- Is there a “zero-tolerance” policy?
Is there a zero tolerance policy?
It depends on the school district. There are no state laws or regulations defining “zero tolerance,” but the local school district may choose to have zero tolerance policies. If the school district does have zero tolerance policies, they will be in the student discipline policies.
DRESS CODE AND UNIFORM
- Does Georgia have a dress code or school uniforms policy?
Does Georgia have a dress code or school uniforms policy?
The state of Georgia does not have a state-wide dress code policy. Each local board of education is responsible for creating and enforcing guidelines regarding dress codes. School uniforms may be required if the local board of education decides to have them
- Is Corporal punishment at schools permitted?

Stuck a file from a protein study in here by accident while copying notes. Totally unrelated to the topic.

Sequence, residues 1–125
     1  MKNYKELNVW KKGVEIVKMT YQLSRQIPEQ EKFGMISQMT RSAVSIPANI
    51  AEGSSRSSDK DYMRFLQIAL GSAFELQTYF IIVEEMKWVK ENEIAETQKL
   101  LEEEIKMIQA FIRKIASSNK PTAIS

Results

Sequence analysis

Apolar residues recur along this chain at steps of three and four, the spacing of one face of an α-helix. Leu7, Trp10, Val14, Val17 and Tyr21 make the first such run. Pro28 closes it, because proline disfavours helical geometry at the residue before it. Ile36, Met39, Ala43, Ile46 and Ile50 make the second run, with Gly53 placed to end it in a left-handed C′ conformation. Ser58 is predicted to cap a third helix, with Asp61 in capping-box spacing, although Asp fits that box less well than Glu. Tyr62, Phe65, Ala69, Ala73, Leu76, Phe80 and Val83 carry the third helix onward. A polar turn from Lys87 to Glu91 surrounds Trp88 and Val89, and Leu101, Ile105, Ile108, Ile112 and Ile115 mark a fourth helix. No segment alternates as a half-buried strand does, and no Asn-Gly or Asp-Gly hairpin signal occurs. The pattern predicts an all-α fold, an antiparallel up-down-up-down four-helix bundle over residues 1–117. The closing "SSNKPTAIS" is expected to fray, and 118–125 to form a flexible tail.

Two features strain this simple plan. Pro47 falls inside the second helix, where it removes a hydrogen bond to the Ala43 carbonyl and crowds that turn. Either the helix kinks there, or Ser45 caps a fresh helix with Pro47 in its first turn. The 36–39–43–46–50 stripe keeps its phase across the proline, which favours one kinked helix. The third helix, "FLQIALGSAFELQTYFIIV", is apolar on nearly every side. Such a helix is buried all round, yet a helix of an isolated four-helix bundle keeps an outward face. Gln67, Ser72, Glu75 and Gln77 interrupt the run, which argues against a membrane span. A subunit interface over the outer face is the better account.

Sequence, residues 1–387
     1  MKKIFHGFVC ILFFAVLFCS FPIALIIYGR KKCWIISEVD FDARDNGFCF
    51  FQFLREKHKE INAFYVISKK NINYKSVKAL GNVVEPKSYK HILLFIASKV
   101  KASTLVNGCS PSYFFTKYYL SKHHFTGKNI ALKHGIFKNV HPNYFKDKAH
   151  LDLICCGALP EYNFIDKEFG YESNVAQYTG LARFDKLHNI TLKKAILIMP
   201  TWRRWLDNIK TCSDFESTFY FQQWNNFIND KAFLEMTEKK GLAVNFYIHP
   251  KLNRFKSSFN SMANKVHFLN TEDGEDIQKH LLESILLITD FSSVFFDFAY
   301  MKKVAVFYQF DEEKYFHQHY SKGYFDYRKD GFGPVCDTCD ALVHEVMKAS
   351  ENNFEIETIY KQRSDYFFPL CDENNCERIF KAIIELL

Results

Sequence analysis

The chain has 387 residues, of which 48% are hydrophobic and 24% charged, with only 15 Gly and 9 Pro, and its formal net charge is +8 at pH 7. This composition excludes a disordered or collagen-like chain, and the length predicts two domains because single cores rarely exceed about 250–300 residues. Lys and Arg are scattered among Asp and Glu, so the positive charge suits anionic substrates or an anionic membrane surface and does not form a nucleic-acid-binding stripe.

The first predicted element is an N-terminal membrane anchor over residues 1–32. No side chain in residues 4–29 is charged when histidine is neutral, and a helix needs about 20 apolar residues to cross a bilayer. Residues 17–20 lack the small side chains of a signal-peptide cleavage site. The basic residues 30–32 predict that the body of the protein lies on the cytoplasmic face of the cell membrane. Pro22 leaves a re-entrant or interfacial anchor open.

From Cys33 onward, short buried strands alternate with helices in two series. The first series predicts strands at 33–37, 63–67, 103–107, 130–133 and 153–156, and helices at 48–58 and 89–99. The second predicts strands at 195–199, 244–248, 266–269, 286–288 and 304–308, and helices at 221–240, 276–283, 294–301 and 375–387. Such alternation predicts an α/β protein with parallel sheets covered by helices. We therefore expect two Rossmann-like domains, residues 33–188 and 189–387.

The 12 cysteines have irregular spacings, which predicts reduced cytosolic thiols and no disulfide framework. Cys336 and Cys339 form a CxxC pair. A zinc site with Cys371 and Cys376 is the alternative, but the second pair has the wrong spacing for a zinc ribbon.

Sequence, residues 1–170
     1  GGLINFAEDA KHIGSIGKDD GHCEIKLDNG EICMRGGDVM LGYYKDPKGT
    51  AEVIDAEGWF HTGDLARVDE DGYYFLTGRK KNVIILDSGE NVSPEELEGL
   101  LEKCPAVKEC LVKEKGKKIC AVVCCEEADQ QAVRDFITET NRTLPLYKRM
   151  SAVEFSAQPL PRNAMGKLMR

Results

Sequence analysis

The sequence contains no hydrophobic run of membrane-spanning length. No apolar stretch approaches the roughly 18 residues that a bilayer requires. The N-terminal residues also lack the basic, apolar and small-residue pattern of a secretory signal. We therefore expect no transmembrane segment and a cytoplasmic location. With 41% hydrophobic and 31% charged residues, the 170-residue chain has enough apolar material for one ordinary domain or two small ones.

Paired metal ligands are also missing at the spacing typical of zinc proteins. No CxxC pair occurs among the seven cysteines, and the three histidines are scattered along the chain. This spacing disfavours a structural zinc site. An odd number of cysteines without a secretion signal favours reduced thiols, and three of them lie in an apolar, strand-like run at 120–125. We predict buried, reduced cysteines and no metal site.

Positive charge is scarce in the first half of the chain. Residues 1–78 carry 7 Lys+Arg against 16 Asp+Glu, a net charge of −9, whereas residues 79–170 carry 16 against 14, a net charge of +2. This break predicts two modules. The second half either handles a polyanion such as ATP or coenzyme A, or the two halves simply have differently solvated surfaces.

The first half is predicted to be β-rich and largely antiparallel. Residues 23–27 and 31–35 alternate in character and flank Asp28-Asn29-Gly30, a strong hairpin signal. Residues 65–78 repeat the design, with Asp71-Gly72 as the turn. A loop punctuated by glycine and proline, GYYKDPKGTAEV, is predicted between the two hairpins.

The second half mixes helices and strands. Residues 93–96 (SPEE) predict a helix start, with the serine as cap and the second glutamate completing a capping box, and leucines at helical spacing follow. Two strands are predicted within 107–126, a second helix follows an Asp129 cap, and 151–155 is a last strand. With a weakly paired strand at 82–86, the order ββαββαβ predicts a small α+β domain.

Is corporal punishment at schools permitted?
It depends on the local school district. Each district is responsible for determining whether and when corporal punishment is an appropriate means of discipline.
Is there a state policy on bullying?
Yes! Georgia is serious about stopping bullying at schools. Bullying means:
- Any intentional attempt to injure another person or any threat to do so if it is clear the person making the threat could in fact injure the victim;
- Any intentional display of force that gives the victim reason to fear or expect immediate bodily harm; or
- Any intentional written, verbal, or physical act that gives a reasonable person reason to think the person doing so intended to threaten, harass, or intimidate the victim, if the bully’s action:
- Causes the victim substantial physical harm or visible bodily harm;